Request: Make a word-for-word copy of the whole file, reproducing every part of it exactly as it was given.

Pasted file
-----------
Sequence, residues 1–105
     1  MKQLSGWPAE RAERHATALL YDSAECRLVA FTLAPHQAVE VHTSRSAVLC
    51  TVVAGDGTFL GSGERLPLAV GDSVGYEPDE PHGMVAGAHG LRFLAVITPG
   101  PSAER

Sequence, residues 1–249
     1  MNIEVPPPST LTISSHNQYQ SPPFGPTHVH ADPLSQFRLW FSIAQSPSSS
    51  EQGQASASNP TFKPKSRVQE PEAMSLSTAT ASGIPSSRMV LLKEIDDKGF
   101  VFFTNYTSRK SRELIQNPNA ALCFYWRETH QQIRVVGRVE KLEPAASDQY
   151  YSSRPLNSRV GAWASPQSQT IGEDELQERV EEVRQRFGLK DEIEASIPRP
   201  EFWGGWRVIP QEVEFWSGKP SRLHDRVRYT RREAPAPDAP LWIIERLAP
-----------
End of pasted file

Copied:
Sequence, residues 1–105
     1  MKQLSGWPAE RAERHATALL YDSAECRLVA FTLAPHQAVE VHTSRSAVLC
    51  TVVAGDGTFL GSGERLPLAV GDSVGYEPDE PHGMVAGAHG LRFLAVITPG
   101  PSAER

Sequence, residues 1–249
     1  MNIEVPPPST LTISSHNQYQ SPPFGPTHVH ADPLSQFRLW FSIAQSPSSS
    51  EQGQASASNP TFKPKSRVQE PEAMSLSTAT ASGIPSSRMV LLKEIDDKGF
   101  VFFTNYTSRK SRELIQNPNA ALCFYWRETH QQIRVVGRVE KLEPAASDQY
   151  YSSRPLNSRV GAWASPQSQT IGEDELQERV EEVRQRFGLK DEIEASIPRP
   201  EFWGGWRVIP QEVEFWSGKP SRLHDRVRYT RREAPAPDAP LWIIERLAP